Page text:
Starter module 26 repeats steps 308-320 until it has considered each application 14 specified in configuration information 40 for the computer 12 on which starter module 26 operates.

In the manner described above, the present invention starts or restarts each application 14 on a computer 12 at as needed, or, alternatively, notifies a human operator if appropriate.

Although the present invention and its advantages have been described in detail, it should be understood that various changes, substitutions, and alterations, can be made therein without departing from the spirit and scope of the invention as defined by the appended claims.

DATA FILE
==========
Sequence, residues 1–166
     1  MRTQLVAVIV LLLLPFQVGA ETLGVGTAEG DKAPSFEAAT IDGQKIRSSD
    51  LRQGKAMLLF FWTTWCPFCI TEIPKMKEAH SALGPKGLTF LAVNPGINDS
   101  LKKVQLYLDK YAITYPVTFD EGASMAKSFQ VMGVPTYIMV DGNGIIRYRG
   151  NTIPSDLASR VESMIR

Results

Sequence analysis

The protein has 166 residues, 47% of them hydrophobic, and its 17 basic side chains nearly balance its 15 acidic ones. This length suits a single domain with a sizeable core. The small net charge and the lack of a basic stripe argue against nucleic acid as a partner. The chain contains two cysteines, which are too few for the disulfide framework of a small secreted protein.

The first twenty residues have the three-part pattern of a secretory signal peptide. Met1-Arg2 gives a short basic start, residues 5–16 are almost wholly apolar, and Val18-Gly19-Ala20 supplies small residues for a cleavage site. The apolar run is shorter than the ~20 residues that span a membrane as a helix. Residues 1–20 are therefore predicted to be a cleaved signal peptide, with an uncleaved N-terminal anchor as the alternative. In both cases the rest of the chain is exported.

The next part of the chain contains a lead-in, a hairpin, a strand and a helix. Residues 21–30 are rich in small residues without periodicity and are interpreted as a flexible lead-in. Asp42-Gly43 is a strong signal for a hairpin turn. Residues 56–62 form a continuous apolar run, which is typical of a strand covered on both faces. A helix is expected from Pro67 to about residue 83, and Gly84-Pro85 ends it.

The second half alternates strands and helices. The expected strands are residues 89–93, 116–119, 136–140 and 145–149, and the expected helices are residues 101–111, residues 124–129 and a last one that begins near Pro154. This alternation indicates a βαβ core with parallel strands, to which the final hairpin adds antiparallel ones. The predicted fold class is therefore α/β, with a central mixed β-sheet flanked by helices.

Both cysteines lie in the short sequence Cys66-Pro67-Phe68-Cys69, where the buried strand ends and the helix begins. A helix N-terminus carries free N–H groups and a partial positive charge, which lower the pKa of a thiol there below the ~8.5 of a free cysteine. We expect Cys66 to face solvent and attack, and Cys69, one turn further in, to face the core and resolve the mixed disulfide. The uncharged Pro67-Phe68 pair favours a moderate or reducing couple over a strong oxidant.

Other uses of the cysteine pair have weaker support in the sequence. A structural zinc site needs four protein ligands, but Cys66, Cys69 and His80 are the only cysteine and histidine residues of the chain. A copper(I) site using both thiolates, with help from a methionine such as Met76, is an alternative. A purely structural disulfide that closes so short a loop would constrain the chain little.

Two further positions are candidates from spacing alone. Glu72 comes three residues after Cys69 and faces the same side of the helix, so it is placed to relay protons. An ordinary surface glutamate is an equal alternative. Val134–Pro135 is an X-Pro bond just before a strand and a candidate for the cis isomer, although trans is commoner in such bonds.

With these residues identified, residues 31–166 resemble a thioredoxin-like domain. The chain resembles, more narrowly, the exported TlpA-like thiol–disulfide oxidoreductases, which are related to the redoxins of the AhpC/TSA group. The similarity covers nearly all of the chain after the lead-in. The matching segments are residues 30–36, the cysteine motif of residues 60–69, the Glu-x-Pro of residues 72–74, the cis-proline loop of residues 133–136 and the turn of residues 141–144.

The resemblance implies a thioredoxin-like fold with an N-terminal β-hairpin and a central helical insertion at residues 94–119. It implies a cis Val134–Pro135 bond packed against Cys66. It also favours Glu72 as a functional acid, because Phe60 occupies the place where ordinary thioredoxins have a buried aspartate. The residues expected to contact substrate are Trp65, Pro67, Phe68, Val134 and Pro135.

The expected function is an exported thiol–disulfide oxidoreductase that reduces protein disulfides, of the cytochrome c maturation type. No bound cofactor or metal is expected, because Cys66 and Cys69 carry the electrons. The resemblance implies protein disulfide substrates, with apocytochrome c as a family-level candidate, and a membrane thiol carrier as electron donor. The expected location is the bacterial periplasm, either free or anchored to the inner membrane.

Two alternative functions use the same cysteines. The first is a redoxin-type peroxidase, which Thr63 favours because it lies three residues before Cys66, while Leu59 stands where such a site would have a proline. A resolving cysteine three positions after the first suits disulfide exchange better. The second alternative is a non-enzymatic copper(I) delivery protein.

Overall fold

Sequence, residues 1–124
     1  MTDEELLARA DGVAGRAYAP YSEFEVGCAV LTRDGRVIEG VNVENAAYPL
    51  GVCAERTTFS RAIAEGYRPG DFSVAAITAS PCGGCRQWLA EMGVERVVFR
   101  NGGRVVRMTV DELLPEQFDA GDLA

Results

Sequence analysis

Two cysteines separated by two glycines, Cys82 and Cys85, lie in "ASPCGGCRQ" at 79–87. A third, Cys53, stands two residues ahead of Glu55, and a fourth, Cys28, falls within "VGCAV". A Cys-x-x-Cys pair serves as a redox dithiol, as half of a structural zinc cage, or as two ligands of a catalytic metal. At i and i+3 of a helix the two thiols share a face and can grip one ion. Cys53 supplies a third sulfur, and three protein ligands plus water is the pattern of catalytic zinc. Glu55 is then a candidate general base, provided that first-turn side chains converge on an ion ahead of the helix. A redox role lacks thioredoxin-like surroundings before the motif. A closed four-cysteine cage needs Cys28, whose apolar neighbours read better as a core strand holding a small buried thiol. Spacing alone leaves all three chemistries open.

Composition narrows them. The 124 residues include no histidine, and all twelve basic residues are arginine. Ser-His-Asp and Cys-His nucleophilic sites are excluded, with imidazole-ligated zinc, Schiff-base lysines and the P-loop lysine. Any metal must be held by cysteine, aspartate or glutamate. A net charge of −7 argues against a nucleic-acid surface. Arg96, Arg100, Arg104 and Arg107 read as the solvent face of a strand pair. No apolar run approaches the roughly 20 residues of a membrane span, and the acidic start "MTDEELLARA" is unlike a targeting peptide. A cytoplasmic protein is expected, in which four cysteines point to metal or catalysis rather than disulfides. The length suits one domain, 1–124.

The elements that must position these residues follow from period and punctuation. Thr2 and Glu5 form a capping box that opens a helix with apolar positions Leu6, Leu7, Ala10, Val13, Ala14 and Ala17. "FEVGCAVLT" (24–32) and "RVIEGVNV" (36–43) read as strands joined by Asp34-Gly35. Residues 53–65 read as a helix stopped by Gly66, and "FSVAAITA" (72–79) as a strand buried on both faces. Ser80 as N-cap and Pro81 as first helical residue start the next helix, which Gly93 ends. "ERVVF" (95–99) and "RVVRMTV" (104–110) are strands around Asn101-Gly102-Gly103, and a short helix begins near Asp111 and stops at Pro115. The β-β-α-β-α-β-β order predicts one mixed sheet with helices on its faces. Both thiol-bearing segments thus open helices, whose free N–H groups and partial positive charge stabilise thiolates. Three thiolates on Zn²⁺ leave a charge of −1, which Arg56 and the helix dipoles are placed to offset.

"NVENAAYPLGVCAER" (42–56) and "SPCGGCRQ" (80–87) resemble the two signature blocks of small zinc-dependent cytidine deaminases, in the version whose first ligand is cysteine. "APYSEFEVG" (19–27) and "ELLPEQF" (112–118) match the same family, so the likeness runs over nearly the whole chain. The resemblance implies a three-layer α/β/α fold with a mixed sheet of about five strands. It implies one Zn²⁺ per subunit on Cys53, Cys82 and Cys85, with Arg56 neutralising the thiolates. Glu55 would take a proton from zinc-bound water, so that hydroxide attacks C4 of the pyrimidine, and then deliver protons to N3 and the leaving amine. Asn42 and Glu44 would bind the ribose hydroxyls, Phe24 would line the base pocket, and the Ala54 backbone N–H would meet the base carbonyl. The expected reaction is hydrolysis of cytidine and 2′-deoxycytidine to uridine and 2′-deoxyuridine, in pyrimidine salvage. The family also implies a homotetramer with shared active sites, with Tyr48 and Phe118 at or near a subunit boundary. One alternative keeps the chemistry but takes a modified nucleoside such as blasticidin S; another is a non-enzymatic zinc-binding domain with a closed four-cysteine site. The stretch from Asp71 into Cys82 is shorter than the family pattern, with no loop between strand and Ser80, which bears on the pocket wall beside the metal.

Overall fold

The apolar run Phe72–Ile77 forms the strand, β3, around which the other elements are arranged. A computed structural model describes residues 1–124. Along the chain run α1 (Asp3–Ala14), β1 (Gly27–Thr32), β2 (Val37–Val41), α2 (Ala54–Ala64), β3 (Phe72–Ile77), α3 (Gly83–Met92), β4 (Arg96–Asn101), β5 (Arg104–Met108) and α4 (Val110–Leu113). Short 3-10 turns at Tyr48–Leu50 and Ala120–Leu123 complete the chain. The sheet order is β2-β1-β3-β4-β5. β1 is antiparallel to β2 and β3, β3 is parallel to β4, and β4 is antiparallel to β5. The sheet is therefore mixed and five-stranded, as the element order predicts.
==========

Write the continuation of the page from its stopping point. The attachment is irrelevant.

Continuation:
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Classifications
U.S. Classification718/102
International ClassificationG06F9/44
Cooperative ClassificationG06F8/71, G06F8/70
European ClassificationG06F8/70, G06F8/71
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Jan 31, 2013FPAYFee payment
Year of fee payment: 12
Mar 25, 2009ASAssignment
Owner name: HEWLETT-PACKARD DEVELOPMENT COMPANY, L.P., TEXAS